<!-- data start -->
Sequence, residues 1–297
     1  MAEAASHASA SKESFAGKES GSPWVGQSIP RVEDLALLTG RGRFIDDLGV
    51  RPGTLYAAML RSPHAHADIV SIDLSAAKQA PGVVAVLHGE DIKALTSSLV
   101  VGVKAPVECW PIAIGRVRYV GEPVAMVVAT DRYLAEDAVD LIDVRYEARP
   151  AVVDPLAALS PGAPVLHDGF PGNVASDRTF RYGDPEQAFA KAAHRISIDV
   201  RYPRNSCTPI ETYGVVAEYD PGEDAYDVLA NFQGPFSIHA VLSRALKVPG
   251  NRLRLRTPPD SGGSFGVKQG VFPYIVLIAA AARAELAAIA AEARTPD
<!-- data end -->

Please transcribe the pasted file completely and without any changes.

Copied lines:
Sequence, residues 1–297
     1  MAEAASHASA SKESFAGKES GSPWVGQSIP RVEDLALLTG RGRFIDDLGV
    51  RPGTLYAAML RSPHAHADIV SIDLSAAKQA PGVVAVLHGE DIKALTSSLV
   101  VGVKAPVECW PIAIGRVRYV GEPVAMVVAT DRYLAEDAVD LIDVRYEARP
   151  AVVDPLAALS PGAPVLHDGF PGNVASDRTF RYGDPEQAFA KAAHRISIDV
   201  RYPRNSCTPI ETYGVVAEYD PGEDAYDVLA NFQGPFSIHA VLSRALKVPG
   251  NRLRLRTPPD SGGSFGVKQG VFPYIVLIAA AARAELAAIA AEARTPD